Last night before peaceful slumber, I found myself holding an imaginary debate about the merits of a federal minimum wage. At some point in this bedded reverie, I recalled Harvard economics prof. Greg Mankiw's aphorisim about a minimum wage:
1. A wage subsidy for unskilled workers, paid for by 2. A tax on employers who hire unskilled workers.
Now, if you think like an economist, you might wonder about the logic of part 2 of this proposal. You might say, "A tax on the hiring of unskilled workers would discourage their employment, offsetting some of the benefits they would get from the wage subsidy. It would be better to finance the wage subsidy with a more general tax, rather than with a tax targeted specifically on employers of unskilled workers."
But thinking that the point might benefit from further clarification, I thought of a few other examples illustrating the same logic.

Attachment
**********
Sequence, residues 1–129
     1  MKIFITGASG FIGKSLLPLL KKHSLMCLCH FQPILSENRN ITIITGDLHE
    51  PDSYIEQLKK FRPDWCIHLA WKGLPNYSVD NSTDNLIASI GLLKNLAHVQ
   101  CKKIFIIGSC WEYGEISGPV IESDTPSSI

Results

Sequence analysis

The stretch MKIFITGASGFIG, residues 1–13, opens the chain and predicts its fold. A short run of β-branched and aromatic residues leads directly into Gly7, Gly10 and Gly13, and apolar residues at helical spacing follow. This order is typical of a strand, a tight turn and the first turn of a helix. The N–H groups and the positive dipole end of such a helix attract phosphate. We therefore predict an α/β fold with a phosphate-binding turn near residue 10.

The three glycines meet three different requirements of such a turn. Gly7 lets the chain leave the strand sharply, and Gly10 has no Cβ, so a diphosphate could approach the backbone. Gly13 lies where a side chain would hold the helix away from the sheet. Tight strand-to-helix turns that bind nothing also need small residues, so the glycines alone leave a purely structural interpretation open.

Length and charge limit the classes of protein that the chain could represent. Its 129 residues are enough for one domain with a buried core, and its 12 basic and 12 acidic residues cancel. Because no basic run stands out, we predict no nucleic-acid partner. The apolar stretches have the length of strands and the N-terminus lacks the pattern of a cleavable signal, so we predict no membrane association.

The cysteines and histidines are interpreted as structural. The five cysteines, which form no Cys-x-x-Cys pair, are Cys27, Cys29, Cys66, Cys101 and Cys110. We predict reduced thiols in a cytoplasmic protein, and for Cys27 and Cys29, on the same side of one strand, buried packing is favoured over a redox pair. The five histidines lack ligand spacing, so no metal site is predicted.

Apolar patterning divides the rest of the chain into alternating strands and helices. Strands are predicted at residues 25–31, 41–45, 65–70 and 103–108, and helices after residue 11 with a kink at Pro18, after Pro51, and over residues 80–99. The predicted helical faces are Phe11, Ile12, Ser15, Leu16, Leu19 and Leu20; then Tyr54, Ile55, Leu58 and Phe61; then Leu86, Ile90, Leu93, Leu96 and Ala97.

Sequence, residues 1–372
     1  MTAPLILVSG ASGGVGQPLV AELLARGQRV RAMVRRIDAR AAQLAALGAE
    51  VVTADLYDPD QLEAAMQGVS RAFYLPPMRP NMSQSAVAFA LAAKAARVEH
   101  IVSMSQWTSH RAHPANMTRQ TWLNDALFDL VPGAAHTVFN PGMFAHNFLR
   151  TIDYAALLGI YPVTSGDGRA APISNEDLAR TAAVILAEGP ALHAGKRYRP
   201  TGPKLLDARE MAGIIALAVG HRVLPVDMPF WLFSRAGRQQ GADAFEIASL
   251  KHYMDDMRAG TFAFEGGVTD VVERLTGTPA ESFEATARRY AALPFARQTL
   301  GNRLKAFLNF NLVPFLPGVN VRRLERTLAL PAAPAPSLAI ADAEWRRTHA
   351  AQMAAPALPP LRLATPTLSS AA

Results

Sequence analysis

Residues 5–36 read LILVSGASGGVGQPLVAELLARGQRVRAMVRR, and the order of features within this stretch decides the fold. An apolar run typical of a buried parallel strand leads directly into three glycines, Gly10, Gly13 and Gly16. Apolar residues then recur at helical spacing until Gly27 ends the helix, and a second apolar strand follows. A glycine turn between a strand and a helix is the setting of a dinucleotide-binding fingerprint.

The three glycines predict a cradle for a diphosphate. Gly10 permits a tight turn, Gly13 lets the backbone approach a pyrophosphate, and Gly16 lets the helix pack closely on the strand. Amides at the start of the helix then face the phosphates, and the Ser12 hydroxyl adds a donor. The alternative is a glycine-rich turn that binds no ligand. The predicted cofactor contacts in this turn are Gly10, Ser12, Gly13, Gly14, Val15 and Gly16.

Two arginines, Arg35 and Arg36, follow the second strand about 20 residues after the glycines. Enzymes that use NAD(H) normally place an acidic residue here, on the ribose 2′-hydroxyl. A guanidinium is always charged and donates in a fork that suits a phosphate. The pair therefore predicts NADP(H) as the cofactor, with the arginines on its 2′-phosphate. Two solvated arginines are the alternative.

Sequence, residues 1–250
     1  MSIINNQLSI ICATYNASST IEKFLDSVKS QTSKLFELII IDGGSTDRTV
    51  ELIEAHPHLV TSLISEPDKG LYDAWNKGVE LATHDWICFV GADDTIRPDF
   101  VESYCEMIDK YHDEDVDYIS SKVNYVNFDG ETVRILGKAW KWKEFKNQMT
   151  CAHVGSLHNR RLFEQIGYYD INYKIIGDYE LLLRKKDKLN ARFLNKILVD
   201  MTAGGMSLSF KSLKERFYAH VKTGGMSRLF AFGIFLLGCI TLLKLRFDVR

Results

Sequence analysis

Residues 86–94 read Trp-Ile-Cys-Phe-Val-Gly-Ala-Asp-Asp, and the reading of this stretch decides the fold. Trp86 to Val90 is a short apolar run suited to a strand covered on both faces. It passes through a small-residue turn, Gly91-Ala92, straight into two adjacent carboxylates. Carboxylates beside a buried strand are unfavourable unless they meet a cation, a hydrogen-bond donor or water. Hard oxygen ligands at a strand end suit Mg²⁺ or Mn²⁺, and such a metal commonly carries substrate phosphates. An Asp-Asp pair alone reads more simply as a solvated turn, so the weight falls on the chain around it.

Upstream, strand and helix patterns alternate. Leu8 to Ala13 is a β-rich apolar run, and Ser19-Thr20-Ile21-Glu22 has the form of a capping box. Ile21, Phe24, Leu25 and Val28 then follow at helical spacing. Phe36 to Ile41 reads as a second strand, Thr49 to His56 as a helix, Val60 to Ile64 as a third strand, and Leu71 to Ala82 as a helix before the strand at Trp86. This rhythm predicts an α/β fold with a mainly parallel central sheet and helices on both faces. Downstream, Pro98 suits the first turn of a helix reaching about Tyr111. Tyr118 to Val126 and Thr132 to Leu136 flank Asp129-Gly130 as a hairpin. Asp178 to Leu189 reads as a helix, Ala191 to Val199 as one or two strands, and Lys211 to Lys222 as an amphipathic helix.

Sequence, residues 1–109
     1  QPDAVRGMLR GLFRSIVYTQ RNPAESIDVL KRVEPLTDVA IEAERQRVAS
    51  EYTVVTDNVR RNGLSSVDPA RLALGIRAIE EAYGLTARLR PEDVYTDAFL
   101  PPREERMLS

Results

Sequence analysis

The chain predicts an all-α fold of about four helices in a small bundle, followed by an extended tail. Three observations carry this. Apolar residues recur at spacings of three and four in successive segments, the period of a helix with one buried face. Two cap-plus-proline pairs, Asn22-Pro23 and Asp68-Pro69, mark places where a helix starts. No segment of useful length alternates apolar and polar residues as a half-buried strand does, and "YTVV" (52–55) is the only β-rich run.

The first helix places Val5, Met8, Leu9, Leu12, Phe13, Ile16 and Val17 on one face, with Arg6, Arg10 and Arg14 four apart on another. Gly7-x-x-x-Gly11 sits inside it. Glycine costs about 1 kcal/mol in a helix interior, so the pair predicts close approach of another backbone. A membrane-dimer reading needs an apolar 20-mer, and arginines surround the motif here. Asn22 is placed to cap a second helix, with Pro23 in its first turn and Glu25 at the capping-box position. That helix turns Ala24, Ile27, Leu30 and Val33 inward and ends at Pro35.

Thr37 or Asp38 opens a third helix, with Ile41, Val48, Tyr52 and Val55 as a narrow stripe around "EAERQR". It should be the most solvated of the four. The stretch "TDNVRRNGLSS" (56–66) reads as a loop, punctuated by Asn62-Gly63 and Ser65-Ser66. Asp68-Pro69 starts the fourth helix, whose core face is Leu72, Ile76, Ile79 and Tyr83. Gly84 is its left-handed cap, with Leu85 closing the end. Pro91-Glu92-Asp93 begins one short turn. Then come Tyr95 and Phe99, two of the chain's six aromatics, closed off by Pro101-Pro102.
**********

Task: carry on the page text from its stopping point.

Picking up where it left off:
- Provide better assistance to the homeless, paid for by
- A tax on homeless shelters
- Provide a voucher to help families pay for gasoline, paid for by
- A tax on companies that make gasoline
The self-evident ridiculousness of these two examples was so clear, I thought, that the point couldn't help but be understood. I fell asleep in a self-congratulatory mood.
But I sit bemused this morning after reading this:
That is why today Barack Obama is calling for an Emergency Economic Plan that will relieve the burden on families struggling with high gas and grocery bills or preparing for high heating bills...It has two parts:
- Forcing big oil companies to take a reasonable share of their record breaking windfall profits and use it to help struggling families with direct relief worth $500 for an individual and $1,000 for a married couple...
The implication seems to be that since it's only going to take a share of profit, a tax on gas to make it more affordable makes sense.
When faced with nonsensical policies like this one or the McCain gas tax holiday, my only thought is to hope that the campaigns don't turn their attention to anti-poverty measures any time soon--I'm afraid the poor just couldn't afford the attention.